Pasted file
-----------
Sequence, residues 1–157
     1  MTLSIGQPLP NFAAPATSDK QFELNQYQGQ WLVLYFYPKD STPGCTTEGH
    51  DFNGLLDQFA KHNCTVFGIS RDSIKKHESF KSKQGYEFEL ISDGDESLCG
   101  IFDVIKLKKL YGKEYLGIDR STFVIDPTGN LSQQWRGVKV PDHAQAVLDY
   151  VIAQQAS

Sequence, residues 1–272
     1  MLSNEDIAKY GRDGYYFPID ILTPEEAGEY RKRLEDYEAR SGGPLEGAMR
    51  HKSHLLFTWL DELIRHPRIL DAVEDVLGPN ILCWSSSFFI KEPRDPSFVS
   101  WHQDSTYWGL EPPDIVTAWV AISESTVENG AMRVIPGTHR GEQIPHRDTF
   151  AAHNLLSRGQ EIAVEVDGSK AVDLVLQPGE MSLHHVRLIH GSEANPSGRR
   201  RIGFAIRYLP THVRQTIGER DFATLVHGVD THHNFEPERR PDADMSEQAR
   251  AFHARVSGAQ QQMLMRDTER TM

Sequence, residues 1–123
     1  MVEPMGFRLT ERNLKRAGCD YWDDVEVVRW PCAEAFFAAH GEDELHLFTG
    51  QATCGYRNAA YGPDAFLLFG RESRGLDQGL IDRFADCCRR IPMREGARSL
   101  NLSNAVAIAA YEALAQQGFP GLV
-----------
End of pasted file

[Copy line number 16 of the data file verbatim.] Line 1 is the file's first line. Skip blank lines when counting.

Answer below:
   101  NLSNAVAIAA YEALAQQGFP GLV